TGF-β is widely acknowledged to play a key role in driving fibrogenesis through its effects on activation of fibroblasts to myofibroblasts and stimulation of matrix synthesis (Tomasek et al., 2002). Recent work indicates that fibroblasts grown for several days on matrices of varying stiffness activate matrix-bound TGF-β in a stiffness-dependent fashion (Wipff et al., 2007). We were surprised to find through microarray analysis that the early (48 h) fibroblast genomic response to stiffness is both supportive of proliferation and suppressive of collagen degradation but largely diverges from responses driven by TGF-β. Nowhere was this divergence more clear than in the case of COX-2. Although we found that increasing matrix stiffness suppressed COX-2 expression and downstream synthesis of PGE2, TGF-β has been shown to stimulate COX-2 expression and PGE2 production (Diaz et al., 1989; McAnulty et al., 1995; Keerthisingam et al., 2001; Kapoun et al., 2006). Because PGE2 acts to suppress TGF-β–driven responses in fibroblasts (Kolodsick et al., 2003; Sandulache et al., 2007; Thomas et al., 2007), the COX-2/PGE2 stimulation by TGF-β is thought to dampen cellular responses to this fibrogenic cytokine and prevent overexuberant fibrotic reactions. Our data raise the possibility that fibroblasts resident on stiff matrices experience enhanced responses to TGF-β because of stiffness-dependent down-regulation of a usual brake on TGF-β signaling. This may account, in part, for the emergence of TGF-β responses that we and others (Arora et al., 1999; Goffin et al., 2006) observe on matrices of increasing stiffness.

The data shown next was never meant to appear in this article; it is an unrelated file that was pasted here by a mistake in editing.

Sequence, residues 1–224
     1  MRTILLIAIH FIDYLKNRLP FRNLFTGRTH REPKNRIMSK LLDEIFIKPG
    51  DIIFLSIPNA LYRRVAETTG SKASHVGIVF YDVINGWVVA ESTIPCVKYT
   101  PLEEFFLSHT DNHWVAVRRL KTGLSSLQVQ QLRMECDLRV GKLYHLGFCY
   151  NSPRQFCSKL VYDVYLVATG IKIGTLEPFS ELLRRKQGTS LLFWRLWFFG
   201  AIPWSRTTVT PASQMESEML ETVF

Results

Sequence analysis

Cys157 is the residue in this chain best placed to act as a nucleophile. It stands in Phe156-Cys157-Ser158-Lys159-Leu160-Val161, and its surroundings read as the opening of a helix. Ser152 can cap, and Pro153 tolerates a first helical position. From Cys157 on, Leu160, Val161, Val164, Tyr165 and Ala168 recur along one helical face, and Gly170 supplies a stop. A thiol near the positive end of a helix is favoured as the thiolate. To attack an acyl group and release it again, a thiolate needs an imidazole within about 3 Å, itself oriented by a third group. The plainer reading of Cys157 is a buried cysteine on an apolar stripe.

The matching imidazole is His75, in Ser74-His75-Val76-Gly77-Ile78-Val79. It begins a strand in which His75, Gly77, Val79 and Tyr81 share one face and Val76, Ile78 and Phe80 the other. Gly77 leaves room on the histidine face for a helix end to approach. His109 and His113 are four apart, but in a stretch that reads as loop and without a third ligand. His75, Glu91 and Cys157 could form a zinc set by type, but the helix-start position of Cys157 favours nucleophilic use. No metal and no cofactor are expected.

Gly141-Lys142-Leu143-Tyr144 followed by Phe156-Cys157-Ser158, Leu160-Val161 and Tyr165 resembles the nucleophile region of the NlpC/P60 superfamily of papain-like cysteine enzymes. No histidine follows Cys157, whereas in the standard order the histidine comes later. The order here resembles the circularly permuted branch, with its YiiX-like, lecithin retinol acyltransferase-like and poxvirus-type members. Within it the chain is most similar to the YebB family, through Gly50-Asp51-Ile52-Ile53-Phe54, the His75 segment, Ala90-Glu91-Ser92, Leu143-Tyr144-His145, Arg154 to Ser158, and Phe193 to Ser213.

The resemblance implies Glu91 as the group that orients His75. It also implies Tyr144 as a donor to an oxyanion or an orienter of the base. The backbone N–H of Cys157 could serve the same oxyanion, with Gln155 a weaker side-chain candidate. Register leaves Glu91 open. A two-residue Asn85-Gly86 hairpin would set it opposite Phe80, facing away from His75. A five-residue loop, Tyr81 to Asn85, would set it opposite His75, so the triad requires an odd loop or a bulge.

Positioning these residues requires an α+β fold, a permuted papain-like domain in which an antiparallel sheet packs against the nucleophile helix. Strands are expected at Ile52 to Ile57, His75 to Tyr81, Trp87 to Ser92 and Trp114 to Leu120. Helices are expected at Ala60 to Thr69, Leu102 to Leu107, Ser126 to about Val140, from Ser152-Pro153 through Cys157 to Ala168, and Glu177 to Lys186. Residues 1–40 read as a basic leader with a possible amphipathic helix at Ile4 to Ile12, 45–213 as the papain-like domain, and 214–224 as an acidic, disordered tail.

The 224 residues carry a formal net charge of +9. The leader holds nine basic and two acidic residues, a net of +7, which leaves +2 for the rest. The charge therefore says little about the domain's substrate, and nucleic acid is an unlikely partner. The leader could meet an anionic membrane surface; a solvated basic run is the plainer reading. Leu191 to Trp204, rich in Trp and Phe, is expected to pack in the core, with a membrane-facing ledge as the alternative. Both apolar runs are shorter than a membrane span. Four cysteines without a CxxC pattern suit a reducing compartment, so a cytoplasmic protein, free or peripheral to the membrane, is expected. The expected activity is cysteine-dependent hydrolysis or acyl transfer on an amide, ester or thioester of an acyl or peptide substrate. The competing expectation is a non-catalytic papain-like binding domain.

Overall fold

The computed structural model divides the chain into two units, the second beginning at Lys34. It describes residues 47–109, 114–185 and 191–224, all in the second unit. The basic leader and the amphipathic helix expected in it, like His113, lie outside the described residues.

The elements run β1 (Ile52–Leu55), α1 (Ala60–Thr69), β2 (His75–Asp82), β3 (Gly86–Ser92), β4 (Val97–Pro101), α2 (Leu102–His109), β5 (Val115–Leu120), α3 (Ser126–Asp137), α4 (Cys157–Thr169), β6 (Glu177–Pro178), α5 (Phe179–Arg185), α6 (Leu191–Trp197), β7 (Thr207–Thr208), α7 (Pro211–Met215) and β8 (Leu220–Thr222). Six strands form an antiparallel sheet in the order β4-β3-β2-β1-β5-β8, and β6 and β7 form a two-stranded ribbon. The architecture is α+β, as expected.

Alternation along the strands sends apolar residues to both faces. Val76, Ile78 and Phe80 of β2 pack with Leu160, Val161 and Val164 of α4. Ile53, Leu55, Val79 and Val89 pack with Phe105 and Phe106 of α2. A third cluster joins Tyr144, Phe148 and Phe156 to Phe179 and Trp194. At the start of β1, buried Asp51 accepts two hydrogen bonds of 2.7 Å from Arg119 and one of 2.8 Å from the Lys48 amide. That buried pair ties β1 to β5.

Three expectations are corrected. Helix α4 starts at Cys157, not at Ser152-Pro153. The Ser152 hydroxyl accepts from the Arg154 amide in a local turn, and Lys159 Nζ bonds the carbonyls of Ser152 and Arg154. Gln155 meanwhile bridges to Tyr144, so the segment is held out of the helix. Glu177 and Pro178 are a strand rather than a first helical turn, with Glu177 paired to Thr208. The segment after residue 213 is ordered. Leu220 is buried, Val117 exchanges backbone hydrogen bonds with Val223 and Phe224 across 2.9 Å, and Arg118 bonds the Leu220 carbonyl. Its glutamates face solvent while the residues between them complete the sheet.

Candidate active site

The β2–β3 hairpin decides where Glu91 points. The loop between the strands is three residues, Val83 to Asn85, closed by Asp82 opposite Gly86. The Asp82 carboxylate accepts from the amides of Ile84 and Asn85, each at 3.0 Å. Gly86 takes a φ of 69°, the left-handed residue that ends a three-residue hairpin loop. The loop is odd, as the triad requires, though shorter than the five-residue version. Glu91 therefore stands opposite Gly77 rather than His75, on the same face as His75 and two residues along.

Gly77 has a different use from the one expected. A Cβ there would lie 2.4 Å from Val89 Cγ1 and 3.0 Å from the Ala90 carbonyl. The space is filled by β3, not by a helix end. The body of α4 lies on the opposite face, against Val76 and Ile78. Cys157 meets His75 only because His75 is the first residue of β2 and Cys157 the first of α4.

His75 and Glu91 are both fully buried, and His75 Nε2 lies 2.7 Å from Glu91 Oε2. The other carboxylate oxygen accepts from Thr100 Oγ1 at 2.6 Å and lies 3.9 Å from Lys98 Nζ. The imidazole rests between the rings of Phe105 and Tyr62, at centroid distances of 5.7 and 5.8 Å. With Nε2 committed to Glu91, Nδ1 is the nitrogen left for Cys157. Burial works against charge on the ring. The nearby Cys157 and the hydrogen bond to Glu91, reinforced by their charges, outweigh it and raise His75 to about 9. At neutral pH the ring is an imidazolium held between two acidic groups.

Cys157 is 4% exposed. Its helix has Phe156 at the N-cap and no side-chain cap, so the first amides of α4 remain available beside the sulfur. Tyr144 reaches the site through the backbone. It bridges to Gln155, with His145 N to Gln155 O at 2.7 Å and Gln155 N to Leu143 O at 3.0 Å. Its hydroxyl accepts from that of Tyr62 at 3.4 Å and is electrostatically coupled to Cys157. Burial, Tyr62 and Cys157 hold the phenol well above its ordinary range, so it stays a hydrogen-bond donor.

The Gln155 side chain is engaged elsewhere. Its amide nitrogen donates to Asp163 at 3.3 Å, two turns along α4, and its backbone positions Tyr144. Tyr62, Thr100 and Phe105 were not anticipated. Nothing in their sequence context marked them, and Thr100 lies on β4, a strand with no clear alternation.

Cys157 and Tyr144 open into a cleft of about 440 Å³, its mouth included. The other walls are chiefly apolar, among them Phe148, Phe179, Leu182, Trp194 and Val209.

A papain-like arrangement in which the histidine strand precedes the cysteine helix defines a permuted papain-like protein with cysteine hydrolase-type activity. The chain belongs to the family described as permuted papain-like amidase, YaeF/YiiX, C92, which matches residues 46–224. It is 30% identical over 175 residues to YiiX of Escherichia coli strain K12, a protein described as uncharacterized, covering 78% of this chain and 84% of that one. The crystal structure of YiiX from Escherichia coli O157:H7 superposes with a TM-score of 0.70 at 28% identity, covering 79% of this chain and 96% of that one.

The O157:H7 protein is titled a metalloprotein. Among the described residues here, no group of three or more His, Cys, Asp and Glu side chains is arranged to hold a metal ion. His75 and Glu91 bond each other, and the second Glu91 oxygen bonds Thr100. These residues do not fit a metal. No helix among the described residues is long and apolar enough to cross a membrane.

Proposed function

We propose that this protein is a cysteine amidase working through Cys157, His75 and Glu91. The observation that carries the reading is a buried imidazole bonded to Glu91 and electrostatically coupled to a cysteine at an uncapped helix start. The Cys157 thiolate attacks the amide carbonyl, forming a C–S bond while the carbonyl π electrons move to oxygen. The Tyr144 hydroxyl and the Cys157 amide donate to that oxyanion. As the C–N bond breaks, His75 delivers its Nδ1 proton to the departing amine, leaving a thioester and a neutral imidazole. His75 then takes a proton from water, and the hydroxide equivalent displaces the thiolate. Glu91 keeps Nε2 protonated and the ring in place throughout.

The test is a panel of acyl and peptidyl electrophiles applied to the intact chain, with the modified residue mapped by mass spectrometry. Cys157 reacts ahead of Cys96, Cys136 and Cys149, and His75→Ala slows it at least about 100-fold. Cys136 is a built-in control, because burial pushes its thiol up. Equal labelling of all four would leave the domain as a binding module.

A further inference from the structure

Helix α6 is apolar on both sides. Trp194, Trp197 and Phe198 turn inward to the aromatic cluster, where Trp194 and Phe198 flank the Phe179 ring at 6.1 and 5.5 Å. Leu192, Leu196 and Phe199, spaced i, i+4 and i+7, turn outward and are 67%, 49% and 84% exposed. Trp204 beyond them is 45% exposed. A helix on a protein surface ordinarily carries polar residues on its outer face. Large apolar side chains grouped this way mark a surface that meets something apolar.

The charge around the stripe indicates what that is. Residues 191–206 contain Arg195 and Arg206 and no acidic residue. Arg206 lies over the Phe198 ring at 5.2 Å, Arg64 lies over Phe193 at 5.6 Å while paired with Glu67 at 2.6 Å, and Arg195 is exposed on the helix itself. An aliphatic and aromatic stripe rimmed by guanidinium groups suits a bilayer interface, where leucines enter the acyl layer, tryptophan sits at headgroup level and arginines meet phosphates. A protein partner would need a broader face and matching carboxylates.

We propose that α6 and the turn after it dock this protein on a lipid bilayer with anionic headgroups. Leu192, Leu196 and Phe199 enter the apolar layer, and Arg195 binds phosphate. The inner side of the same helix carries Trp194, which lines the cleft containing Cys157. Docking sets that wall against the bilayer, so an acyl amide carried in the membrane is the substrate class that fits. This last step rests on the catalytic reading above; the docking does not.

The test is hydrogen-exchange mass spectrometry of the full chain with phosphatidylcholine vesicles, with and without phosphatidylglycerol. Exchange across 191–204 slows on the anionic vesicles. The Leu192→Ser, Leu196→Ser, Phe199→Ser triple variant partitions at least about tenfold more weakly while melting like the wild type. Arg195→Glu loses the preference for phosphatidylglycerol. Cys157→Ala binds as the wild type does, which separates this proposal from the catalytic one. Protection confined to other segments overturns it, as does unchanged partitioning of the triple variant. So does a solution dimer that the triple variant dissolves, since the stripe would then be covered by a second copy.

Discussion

How variations in matrix stiffness are transduced by cells remains an area of intense investigation. Several important molecular players have emerged, including integrins (Paszek et al., 2005; Friedland et al., 2009), focal adhesion proteins such as FAK (Pelham and Wang, 1997; Paszek et al., 2005; Assoian and Klein, 2008), and cytoskeletal tension driven by the action of myosin II (Engler et al., 2006). Our results indicate that an antagonistic relationship between ROCK and COX-2 activities shapes fibroblast responses to matrix stiffness, wherein ROCK suppresses COX-2 expression and activity, whereas the COX-2 downstream product PGE2 acts in a fashion similar to a ROCK inhibitor in disassembling the focal adhesions and stress fibers that form as matrix stiffness increases. This mutually antagonistic relationship sets up two feedback loops, both self-reinforcing, that drive fibroblasts to one of two extremes, activated (high Rho and low COX-2) or quiescent (low Rho and high COX-2). We speculate that in the lung, abundant PGE2, produced by fibroblasts and surrounding epithelial cells (Ozaki et al., 1987; Wilborn et al., 1995; Lama et al., 2002), normally maintains the quiescent phenotype but that lung injury and matrix stiffening act in part through effects on PGE2 levels to tilt the balance toward persistent, self-sustaining fibroblast activation (Fig. 6 D). Although we have not pinpointed the precise molecular interactions between Rho/ROCK and COX-2/PGE2 in these experiments, PGE2 is known to signal through cAMP in lung fibroblasts (Choung et al., 1998; Huang et al., 2007), and cAMP and downstream protein kinase A have been shown to both inactivate Rho and lead to cofilin-mediated actin depolymerization in multiple cell types (Dong et al., 1998; Lang et al., 1996; Murthy et al., 2003; Goeckeler and Wysolmerski, 2005), which is consistent with our observations.